'Our Leaders Believe Christians Are the Problem': Columnists Criticize Leaders for Refusing to Say Sri Lankan 'Christians' were attacked
Amanda CasanovaReligious persecution, missions, Christianity around the world
- 2019 Apr 23
“The attacks on tourists and Easter worshippers in Sri Lanka are an attack on humanity. On a day devoted to love, redemption, and renewal, we pray for the victims and stand with the people of Sri Lanka,” Obama tweeted.
The attacks on tourists and Easter worshippers in Sri Lanka are an attack on humanity. On a day devoted to love, redemption, and renewal, we pray for the victims and stand with the people of Sri Lanka. — Barack Obama (@BarackObama) April 21, 2019
Clinton wrote, “On this holy weekend for many faiths, we must stand united against hatred and violence. I’m praying for everyone affected by today’s horrific attacks on Easter worshippers and travelers in Sri Lanka.”
On this holy weekend for many faiths, we must stand united against hatred and violence. I'm praying for everyone affected by today's horrific attacks on Easter worshippers and travelers in Sri Lanka.— Hillary Clinton (@HillaryClinton) April 21, 2019
Columnists are striking back, saying the chosen language is “not just strange and unnatural. It’s a political calculation.”
“It was an attack on Christians. It was an attack on Christianity,” Cheryl K. Chumley wrote in a column for The Washington Times.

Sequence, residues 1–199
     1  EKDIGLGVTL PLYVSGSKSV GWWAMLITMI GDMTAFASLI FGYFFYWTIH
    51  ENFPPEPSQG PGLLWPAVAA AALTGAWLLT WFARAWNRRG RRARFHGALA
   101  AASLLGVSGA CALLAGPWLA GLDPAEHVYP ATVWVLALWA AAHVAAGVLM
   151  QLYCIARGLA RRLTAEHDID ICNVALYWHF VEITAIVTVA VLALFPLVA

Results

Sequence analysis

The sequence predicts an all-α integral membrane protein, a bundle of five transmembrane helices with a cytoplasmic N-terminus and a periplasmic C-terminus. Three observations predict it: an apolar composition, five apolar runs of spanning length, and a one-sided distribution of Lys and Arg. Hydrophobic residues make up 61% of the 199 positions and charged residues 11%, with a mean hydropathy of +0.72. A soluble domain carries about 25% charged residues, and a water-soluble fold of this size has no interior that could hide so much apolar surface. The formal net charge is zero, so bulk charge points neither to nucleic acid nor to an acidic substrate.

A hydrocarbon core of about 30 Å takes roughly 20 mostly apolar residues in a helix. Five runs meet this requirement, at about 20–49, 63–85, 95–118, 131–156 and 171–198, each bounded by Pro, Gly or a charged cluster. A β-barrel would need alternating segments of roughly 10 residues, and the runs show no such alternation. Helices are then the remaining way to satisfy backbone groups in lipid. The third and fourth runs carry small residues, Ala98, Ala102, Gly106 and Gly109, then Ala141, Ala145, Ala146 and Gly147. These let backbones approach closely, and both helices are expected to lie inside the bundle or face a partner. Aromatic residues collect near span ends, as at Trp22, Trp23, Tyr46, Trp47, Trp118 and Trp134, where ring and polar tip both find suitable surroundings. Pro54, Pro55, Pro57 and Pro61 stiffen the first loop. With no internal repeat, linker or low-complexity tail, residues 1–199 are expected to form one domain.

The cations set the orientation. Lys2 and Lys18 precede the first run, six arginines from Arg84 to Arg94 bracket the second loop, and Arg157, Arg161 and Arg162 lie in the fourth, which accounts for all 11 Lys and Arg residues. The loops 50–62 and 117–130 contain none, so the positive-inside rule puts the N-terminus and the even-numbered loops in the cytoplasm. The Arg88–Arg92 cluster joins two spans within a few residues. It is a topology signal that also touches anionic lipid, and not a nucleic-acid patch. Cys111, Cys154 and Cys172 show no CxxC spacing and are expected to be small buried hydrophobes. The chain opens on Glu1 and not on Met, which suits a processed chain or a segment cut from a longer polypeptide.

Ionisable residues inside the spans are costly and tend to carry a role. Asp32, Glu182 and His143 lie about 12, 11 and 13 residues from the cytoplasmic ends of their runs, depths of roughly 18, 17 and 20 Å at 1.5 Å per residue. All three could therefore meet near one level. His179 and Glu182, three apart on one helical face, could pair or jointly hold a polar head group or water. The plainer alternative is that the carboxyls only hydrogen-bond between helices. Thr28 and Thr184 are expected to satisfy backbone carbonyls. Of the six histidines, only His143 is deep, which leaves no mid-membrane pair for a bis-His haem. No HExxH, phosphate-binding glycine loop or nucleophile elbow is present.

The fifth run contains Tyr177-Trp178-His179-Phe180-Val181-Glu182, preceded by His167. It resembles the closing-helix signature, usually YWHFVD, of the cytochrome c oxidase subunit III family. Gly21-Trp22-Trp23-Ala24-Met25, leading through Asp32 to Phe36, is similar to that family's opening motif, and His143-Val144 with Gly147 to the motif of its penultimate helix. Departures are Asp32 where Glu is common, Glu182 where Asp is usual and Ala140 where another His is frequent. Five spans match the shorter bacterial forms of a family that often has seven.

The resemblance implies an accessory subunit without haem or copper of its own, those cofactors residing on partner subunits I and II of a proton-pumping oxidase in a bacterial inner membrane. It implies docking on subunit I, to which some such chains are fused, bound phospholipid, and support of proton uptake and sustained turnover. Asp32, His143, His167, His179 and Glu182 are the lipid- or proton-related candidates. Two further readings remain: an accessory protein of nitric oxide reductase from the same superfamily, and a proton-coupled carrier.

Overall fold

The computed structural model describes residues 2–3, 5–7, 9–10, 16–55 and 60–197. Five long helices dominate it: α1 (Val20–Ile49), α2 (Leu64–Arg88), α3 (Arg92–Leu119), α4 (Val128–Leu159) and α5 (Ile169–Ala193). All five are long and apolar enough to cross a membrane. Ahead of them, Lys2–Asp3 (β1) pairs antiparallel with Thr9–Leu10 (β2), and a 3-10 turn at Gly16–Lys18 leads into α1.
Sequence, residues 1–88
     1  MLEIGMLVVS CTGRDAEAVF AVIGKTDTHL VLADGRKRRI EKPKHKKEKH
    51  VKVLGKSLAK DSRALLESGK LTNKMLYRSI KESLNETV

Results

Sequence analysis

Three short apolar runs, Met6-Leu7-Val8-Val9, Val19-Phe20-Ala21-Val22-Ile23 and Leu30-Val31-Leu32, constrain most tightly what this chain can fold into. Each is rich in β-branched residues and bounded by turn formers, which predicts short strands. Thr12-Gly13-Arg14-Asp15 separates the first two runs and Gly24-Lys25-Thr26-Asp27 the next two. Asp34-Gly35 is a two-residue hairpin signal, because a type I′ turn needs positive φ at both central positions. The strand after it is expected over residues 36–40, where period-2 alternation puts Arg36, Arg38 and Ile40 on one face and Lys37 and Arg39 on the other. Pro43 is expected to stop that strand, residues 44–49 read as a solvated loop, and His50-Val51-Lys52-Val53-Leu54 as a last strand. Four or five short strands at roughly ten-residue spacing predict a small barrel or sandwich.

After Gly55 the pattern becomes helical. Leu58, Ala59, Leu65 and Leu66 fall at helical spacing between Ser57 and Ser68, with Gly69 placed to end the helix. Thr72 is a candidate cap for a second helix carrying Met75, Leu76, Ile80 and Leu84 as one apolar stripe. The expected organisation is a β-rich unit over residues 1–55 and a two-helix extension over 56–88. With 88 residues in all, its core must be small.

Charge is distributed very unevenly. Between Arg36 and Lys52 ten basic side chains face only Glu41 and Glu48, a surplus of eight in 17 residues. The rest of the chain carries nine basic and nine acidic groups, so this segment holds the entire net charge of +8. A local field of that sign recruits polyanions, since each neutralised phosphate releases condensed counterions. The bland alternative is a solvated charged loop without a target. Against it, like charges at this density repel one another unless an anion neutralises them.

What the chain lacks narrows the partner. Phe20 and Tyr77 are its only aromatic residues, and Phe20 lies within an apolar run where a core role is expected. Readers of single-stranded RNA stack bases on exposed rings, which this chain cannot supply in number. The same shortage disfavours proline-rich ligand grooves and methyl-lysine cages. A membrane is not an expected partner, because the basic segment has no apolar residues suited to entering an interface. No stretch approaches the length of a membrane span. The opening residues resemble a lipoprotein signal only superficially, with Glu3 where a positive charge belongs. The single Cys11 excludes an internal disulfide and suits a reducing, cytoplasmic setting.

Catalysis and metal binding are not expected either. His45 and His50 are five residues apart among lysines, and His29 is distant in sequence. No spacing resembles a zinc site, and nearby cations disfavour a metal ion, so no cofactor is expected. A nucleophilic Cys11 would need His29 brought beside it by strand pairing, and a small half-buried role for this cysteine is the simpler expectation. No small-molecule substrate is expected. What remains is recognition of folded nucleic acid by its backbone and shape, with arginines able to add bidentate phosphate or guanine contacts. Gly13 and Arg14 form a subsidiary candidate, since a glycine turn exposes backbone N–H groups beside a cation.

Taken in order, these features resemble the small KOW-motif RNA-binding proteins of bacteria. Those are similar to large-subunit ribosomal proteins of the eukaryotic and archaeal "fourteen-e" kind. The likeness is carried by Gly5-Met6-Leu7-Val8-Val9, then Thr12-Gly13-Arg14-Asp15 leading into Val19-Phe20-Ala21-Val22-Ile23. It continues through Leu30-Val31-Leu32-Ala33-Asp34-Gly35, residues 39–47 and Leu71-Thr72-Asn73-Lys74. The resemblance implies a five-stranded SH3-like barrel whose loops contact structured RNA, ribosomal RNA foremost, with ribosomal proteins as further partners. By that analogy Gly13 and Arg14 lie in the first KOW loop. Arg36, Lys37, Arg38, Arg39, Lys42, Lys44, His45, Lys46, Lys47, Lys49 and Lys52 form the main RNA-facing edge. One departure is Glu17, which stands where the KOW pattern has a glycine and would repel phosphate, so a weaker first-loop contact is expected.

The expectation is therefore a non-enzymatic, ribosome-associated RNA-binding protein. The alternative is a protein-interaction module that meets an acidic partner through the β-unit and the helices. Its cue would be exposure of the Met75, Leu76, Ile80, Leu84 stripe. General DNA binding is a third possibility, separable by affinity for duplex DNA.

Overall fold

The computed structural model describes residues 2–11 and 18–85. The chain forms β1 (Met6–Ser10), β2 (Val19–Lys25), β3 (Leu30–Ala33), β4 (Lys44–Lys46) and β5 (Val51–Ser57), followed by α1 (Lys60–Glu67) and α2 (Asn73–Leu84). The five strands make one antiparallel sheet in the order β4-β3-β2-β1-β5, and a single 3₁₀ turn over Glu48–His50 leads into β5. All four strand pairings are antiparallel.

“Calling them ‘Easter worshippers’ is a political ploy designed to tamp down realities of radical Islamic terror targeting of Christians and Christianity,” she added.
Obama and Clinton were responding to an attack Sunday in Sri Lanka. Eight bombs at churches and hotels exploded Easter Sunday. Officials arrested dozens in connection with the attacks, who said they were part of the National Thowheeth Jama’ath, a radical Islamic group.
Some 300 people were killed and hundreds more were wounded, according to Fox News.
Tucker Carlson of Fox News said in a monologue about the Twitter comments that Obama and Clinton “went to great lengths to avoid the clear language.”
He said, “‘Easter worshipers.’ Why don't you say Christians?”
Carlson continued, “Nobody worships Easter. There is a reason, of course; euphemisms are never accidental. Our leaders believe Christians are the problem, that they are the dangerous ones. They can't be trusted. Tell them the truth, and they might go crazy and organize a new Crusade – unsheath their swords and march on Jerusalem. You never know with Christians.”
Photo courtesy: Getty Images/Carl Court/Staff